Elan Morgan is a writer and web designer who works from Elan.Works, a designer and editor at GenderAvenger, and a speaker who has spoken across North America. They believe in and work to grow both personal and professional quality, genuine community, and meaningful content online.

My Work: What I Do

Amy of Fannfare asked me a question recently in an e-mail, and I realized that I have had a lot of changes happen over the course of this winter that I haven't really talked about, so I thought I'd answer her question here.

tired after a day of design
This is what my tired head looks like after a full day
of doing what I do, but it's a happy tired head.

From Amy's e-mail:
What is it that you do in your daytime/work hours? Is it creative? I think from reading Schmutzie.com I have gathered that it is more of a drone-y job, but I don't want to assume. Would love to know what your "work" is.

I spent several years working within the confines of a beige cubicle in a stressful work environment. A couple of years ago, I came to a point where I could no longer sustain myself psychologically and emotionally under those conditions, so I had a breakdown took an extended leave from traditional employment, put myself back together, and figured out what I needed to do to both make money and feel that my humanity was being sustained.

Not surprisingly, I feel most sustained when exercising my creativity, so I concentrated on activities that make me, also not surprisingly, very little money: writing, photography, and design. So, in October, when a friend offered me a job manning a kiosk in a mall over the Christmas season, I thought Rent! and jumped at the chance.

Yes, I jumped at the chance to work at a kiosk in the mall selling mittens and slippers. It's true. After a couple of years squirrelled away from most of the world in my apartment, I needed to get out into the public. A person can get a little funny in the head without outside influence.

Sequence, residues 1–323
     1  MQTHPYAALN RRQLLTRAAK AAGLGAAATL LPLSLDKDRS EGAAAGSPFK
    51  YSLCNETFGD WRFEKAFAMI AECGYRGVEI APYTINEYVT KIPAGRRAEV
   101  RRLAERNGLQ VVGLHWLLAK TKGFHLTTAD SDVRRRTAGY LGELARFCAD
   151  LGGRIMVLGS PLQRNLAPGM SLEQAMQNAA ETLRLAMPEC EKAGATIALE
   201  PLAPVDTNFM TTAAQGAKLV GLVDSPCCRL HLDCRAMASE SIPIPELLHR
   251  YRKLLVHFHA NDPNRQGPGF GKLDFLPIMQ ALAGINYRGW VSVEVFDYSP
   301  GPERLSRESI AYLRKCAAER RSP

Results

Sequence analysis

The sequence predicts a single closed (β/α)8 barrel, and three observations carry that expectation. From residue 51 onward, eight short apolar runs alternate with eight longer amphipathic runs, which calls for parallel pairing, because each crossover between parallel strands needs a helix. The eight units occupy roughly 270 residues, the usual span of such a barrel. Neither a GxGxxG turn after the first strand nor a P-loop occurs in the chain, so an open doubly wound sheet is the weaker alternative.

That kiosk job turned into a permanent part-time job in a shoe store, where I continue to work, and I love it. I love shoes, especially well-built comfortable shoes, and I love staff discounts on shoes, so I pretty much get to try on excellent footwear all the time, sell excellent footwear, and buy excellent footwear at a fairly deep discount. Plus, it's part time, which means that I still have time for all my creative work pursuits.

When I'm not selling shoes, I have a few paying gigs that keep me in groceries and iPhone apps. I make a small amount of ad revenue here and at Five Star Friday. I also do a bit of this and that for MamaPop, write regularly for Life As A Human, and am a graphic designer for Sweet Blog. Sweet Blog is my newest gig, I am just nearing completion on my first job with them, and I love it. Seriously. Futzing with graphics feeds my obsessive inner nit-picker, and I get to make beautiful things that can speak to both clients and their audiences, so I am SAT-ISS-FIED.

I have non-paying jobs that I created for myself, too, because I saw holes in the internet that I wanted to fill. One is the Grace in Small Things social network, and the other is the Canadian Weblog Awards. These are my labours of love, and I almost can't believe my good fortune at finding such perfect fits for me to feed some of my extra bits of creative energy and create positive community spaces on the Internet.

So, I am busy busting out my creativity all over the internets at all hours of the day and night and selling shoes on the side. Some days are lighter work-wise, and on other days I end up having to do all of the above while still remembering to eat. Financially, I am poorer than when I was languishing in my drone-y job in a beige cubicle, and my hours are more random and sometimes overwhelming, but I am much happier now. MUCH.

Before you run out to do the same, though, I must stress the word POOR. I have no credit cards, my spending cap on pants for work is $20, and, although I have my ticket for this summer's BlogHer conference in New York, affording the flight and hotel parts of the trip is quite another matter. Also, there is far less sushi in my life. There are economic concessions that must be made.

Still, the positives outweigh the negatives at this point, The more creativity I express, the more it seems I have to spend, which is the greatest thing I have taken away from leaping into so many freelance projects. I used to ask myself Can I do it? Now I know the answer: Yes, I can.

What does your work/creative life look like? Do the two coincide, or are they separate? Do you do one in order to maintain the other?

UPDATE: I forgot to mention how I made that image of myself. It's another one of my iPhone photos but created with my newest app, ToonPAINT.

2010 Canadian Weblog Awards Exclusive Nominee Interview with Alison Dunn and Perdy Andrews of 365 Fashion Rehab

Me at MamaPop: Snooki and JWOWW Only WISH They Were Proper Guidettes. Wannabes.